Saturday, November 17, 2012

The Clergy Project

Have you heard of the Clergy Project?  This is not to be confused with the Clergy Letter Project.  The latter was founded by Dr. Michael Zimmerman to encourage clergy to support the teaching of evolution.   I am a member of the Clergy Letter Project and my congregation participates in Evolution Sunday.

The Clergy Project is for clergy who no longer believe in the doctrines of the church.   Many of them are leaving the ministry.

I am a member of the Clergy Project as well.  I am not leaving the ministry.  Not yet anyway.   I do not have supernatural beliefs, however.    I posted these eight points on my old blog Shuck and Jive, under the heading "What Presbyterians Believe (Except Me)."

I believe...
  1. in evolutionary theory. This obviously includes human beings. Evolution and science in general have had major implications regarding theology that we mostly ignore or in our worse moments deny.
  2. in higher criticism of the Bible. The Bible like all other books are human products (what else could they be?) and should be read as such as opposed to special revelation from a divine being.
  3. that all religion is a human construct. Its primary purpose has been and should be an attempt to find and evoke meaning amidst life's contingencies as opposed to speculation regarding supernaturalism.
  4. that "God" functions as a symbol. The concept of "God" is a product of myth-making and "God" is no longer credible as a personal, supernatural being. For me, "God" functions as a shorthand for the Universe and sometimes for qualities and aspirations I wish to pursue or to emulate.
  5. that human consciousness is the result of natural selection. Human beings do not have immortal souls nor will consciousness survive death. Thus there is no afterlife. There is no heaven, no hell, and no need for salvation from one realm to another.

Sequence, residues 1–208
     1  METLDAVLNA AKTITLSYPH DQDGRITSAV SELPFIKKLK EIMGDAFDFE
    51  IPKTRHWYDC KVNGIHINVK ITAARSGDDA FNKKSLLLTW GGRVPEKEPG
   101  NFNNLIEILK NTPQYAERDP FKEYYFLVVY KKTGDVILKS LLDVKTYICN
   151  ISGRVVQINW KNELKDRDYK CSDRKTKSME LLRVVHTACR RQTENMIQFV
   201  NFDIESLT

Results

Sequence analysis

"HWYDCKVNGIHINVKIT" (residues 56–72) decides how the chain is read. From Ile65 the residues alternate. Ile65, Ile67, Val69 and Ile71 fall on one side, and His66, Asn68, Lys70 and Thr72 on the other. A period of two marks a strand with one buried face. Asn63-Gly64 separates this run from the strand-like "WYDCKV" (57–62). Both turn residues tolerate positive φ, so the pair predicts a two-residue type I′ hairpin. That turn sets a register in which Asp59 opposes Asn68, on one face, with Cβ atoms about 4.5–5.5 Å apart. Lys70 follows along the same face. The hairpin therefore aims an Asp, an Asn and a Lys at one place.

6. that there is no "end" in human time. Earth is four billion years old. Earth was here long before human beings. Earth will spin on its axis and revolve around the sun long, long after the last human being has breathed her last. We will have to find meaning and our "eschaton" in this life.
  7. that Jesus may have been historical but most of the stories about him in the Bible and elsewhere are legends. But he's cool. He serves as a human ideal and a focal point for devotion (like an ishta deva).
  8. that industrial civilization is in for a long descent. Peak Oil and Overshoot should be everyday terms in our lexicon. We ought to be putting our religious energies toward spiritual, emotional, and practical preparation for this reality.
If many ministers wrote a similar statement they would no longer be in the ministry.  They know that.  That is why they don't tell their congregations what they really think.

I think it is distressing that these intelligent and creative ministers are shut silent in a box of dogma and are unable to share their insights with their congregations for fear of losing their careers. This is a great loss for them, for the church, and for society.

I think it is important for those clergy and laity who do have more freedom to come clean with what they believe (or don't believe).   That is why I am outspoken.   I am fortunate because I serve a congregation that promotes freedom of thought.  Not all are so fortunate.

The Clergy Project exists to support clergy whose insights have moved them beyond the confines of the church.   Their stories are fascinating and important.

I hope to interview some of these clergy on upcoming episodes of Religion For Life

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